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Sunday 28 February 2016



The Nigerian police is systematically killing unarmed pro-Biafra demonstrators. Their leader is still detained in prison, despite four judges have pronounced for the release
By saying “Biafra”, you might think about the pathetic humanitarian advertising from the 70s, in which swollen-bellied-babies served as unaware receptors for moved-hearted-donators, mismanaged by the international cooperation. The aftermath of the three years of war between the Nigerian government and their allies against the self-proclaimed Republic of Biafra, from 1967 to 1970, reached three million deaths and, in the decades to come, it caused repression and discrimination towards people of the Igbo ethnic group. As a consequence of this, a mass exodus occurred from the Niger Delta area and the South-East to Lagos and, above all, to the West. A large number settled in Canada, in the US and in Europe. An increasingly organized diaspora which, thanks to new technologies, can constantly monitor what is happening today with the Biafra independence’s activists.

45 years after the civil war, the situation might explode again. As we have already told in a previous article, on October 14th 2015, Nnamdi Kanu, a British citizen and leader of IPOB (Indigenous people of Biafra), was arrested at Lagos airport. He was charged with “incitement to terrorism”. Despite two trials took place – in which the courts have stated for his release – Kanu is still captive.

His detention caused thousands of people to demonstrate in the streets of many cities of the Niger Delta and of the Southeast of the country. In a number of situations, the protests have incredibly been placated with blood. “An orgy of massacres”, so it was called by Herbert Ekwe-Ekwe. First of all the manifestation of Onitsha, the commercial Capital of the Region, on December 2nd and 17th 2015, in which the military has killed at least nine activists (yet some sources speak of 25 victims). And then the outstanding massacre of Aba, on February 9th. A media activist has shot a long and detailed video about it. It shows how the demonstrators had gathered in the courtyard of a school – with Bibles and flags – to praying for the release of Kanu. Suddenly the participants in the sit-in were surrounded by the military, by the police and by plainclothes officers. They were hit with tear gas. In this exact moment the video becomes confused, but you can still see weapons and it’s clearly audible the gunfire and the screams of the civilians. The final part of the video was filmed in the streets of the city and in a hospital, among corpses and crying people.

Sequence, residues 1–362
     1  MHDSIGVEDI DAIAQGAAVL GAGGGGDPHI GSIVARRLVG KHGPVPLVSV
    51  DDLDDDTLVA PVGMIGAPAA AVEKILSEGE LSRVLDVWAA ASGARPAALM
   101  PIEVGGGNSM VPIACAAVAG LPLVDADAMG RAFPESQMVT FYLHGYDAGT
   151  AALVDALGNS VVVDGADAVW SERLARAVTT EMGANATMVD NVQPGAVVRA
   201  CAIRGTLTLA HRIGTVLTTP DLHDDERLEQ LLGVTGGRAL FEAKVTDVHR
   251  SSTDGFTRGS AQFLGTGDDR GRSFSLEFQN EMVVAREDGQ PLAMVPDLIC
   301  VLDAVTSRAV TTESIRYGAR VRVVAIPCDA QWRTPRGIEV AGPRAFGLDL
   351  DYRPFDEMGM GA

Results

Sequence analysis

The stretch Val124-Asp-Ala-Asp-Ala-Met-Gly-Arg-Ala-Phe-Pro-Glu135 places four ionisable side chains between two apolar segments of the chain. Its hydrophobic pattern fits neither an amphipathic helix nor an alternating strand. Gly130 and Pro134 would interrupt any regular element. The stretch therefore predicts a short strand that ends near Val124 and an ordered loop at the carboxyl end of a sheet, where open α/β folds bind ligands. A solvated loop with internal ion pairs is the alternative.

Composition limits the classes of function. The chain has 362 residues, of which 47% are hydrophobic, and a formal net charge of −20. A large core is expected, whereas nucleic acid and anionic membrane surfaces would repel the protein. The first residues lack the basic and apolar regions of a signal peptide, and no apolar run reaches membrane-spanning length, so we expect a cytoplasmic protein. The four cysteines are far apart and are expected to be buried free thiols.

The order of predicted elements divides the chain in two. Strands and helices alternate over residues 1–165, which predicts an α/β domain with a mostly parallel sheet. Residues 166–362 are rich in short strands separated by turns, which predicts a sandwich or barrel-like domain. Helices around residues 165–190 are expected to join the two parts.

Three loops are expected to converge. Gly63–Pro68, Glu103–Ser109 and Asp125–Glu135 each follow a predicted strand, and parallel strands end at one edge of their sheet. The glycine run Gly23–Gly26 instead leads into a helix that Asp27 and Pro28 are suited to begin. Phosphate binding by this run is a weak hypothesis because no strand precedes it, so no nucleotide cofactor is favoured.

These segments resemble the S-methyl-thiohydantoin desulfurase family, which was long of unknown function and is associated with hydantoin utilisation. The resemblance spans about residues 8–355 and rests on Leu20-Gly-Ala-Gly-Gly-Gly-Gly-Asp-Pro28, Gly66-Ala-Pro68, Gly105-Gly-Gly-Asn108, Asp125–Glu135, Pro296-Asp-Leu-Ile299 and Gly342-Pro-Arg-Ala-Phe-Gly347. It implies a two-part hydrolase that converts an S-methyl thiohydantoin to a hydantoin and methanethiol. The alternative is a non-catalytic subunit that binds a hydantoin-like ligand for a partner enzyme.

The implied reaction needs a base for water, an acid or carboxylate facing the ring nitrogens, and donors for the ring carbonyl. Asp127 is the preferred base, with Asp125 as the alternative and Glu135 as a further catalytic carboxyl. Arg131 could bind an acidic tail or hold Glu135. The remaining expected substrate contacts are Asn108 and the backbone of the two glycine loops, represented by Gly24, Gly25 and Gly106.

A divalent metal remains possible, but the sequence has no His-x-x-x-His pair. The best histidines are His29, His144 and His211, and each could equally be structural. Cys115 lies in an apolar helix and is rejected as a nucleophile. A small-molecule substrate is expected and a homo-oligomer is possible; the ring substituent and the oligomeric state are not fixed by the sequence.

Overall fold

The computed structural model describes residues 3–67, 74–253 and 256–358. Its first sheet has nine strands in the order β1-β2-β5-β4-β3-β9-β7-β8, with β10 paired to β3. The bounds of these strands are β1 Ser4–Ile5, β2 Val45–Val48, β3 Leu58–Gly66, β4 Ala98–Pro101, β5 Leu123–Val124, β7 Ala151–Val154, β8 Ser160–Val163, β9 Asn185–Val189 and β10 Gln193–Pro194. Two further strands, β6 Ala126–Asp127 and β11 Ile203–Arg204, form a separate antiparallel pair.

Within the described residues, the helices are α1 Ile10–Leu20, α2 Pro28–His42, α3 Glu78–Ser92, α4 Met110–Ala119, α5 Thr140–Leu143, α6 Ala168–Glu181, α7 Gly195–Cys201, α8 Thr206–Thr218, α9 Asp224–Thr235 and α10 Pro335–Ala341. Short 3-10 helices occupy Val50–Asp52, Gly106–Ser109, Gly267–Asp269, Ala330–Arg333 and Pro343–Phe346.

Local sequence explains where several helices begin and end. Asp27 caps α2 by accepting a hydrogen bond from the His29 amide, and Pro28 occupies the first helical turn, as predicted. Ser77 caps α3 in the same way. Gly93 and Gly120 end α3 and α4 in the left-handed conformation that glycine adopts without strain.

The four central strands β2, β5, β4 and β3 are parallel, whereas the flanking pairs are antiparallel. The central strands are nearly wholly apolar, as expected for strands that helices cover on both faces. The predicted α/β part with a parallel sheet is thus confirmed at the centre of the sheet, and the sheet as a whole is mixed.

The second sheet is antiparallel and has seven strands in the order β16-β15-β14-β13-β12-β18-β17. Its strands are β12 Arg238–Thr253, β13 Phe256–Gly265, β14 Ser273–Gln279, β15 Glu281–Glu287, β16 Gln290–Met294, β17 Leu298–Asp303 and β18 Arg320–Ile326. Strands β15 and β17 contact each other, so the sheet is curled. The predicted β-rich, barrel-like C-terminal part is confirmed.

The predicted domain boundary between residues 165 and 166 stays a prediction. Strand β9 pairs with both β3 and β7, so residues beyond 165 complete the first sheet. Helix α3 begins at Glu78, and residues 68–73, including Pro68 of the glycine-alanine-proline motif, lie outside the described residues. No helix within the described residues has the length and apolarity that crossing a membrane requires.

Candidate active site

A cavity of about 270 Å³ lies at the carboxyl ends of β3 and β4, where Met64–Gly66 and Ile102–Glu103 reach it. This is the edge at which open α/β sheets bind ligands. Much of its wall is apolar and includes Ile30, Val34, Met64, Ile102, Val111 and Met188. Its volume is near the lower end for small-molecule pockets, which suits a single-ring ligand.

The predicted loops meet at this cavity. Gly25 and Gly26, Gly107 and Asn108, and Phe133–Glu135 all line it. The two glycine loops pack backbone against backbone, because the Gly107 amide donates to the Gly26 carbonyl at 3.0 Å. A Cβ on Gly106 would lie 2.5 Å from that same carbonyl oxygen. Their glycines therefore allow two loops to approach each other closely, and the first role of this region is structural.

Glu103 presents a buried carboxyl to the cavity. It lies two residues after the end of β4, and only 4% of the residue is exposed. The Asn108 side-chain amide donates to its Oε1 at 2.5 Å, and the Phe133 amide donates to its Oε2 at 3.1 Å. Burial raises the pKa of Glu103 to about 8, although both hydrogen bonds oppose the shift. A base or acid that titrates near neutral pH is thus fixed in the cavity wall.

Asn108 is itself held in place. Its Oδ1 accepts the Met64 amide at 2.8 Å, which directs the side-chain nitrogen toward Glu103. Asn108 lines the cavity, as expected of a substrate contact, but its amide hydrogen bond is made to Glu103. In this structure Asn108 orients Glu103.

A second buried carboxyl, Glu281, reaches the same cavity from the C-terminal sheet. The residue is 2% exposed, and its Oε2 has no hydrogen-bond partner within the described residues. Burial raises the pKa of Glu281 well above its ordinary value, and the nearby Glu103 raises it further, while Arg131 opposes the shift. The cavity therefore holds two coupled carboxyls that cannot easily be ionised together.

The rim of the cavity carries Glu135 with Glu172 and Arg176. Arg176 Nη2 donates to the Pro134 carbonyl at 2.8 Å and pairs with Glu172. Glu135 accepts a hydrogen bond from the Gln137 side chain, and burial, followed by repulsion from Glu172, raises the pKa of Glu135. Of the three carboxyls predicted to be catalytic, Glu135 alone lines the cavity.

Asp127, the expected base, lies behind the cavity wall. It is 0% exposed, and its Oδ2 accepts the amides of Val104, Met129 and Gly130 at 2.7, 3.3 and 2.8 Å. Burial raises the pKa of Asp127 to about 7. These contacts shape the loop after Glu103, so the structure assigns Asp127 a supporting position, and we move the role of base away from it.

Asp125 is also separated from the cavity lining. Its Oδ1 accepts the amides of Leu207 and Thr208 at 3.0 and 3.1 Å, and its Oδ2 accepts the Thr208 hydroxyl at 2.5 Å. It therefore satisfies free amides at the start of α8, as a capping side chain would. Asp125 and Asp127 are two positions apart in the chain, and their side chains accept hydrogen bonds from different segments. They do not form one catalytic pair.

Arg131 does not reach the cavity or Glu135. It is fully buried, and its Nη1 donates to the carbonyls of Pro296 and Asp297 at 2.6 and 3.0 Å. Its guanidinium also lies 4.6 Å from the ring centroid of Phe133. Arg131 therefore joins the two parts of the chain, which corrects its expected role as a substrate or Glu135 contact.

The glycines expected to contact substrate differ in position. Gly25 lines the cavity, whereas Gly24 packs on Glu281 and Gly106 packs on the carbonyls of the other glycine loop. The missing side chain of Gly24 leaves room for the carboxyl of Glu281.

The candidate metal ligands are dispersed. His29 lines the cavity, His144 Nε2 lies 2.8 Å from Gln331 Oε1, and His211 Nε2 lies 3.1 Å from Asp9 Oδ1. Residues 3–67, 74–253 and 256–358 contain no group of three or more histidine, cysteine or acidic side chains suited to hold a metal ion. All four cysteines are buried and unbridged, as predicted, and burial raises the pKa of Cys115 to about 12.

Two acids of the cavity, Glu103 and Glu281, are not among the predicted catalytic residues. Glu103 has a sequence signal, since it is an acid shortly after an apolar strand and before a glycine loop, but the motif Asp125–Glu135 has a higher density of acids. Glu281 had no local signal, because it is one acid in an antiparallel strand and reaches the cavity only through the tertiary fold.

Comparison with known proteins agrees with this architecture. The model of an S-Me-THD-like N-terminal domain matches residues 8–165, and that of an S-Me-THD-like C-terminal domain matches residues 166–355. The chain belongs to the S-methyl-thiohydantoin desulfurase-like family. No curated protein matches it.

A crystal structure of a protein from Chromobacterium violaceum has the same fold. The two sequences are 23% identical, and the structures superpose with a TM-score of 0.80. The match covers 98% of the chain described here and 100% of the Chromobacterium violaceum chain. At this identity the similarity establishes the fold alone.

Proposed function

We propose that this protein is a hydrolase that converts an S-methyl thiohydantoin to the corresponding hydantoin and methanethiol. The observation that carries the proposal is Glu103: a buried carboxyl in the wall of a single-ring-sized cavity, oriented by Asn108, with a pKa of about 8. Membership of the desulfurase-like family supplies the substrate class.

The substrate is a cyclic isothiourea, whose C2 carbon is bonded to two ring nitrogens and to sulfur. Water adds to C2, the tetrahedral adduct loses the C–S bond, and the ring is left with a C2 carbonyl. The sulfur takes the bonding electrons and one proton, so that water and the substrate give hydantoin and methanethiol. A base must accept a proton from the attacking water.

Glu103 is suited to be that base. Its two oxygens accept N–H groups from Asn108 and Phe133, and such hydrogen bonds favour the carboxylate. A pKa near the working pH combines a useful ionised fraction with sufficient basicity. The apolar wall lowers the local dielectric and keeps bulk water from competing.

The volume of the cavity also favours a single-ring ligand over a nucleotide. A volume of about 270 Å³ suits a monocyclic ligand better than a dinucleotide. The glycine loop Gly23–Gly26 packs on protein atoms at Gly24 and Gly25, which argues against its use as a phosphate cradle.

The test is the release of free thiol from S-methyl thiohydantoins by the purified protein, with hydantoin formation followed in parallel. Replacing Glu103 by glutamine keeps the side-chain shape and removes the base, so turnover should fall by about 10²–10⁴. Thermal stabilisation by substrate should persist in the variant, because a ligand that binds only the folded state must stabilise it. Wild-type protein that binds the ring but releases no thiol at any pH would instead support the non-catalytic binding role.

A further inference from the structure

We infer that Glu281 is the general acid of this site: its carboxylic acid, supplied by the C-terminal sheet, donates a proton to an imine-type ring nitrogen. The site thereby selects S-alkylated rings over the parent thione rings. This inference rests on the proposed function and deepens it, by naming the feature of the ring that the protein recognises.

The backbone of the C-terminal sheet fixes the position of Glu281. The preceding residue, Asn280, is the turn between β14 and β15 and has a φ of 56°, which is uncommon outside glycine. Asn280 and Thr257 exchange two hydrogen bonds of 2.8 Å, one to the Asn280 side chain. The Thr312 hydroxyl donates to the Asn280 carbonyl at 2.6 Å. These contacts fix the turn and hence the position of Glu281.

The final tally of the victims is said to be 22 deaths. This number is disputed by the police, which justifies itself by claiming that the demonstration was disturbing lessons in the school. Many of the victims are said to have died during the transportation to the hospital.


A soldier is said to have told a witness of the slaughter that Buhari himself had given the order to repress with blood anyone who mentioned Biafra. Indeed, among activists and ordinary people from the South-East, it’s common opinion that the President is more concerned with maintaining the territorial union in the South-East rather than with fighting Boko Haram in the North. Not to mention that in Biafra area it’s common opinion that Hausa and Fulani ethnic groups branches of the Nigerian army, which are Muslims, are particularly involved in the repression. It might look like a counter-action to the war that other branches of the army are carrying on in the North against the Islamic State affiliated jihadist.

“Since President Buhari’s election – states IPOB in a note – the abuse of human rights turned to be a characteristic of the Nigerian political system itself. From one side you have Boko Haram’s atrocities against the population, from the other one you have indiscriminate arrests, tortures, extrajudicial detentions and killings; extortion and violence that military, police and secret services are committing are now a daily phenomenon.”

According to a report from Amnesty International, the problem of regular use of torture by the army is growing serious and more serious. Tortures are said to have turned such a fundamental part of police’s activity in a way that many police’s stations are said to have a “torture attendant”. Among the practices to gain information there would be the extraction of fingernails or teeth, electric shocks and sexual violence.

Meanwhile two militant groups from the Niger Delta area (LMC and NDPDF) have declared that they are ready to fight with the Federal Government if Nnamdi Kanu was not released. The targets of these announced attacks would be the States of Abia and Anambra, and the Federal Capital Abuja, as well. The “main places where the Federal Government had sprayed the blood of our brothers and sisters”. The attacks, as explained by the leaders of the two groups, would be directed to governmental objectives and not toward civilians.


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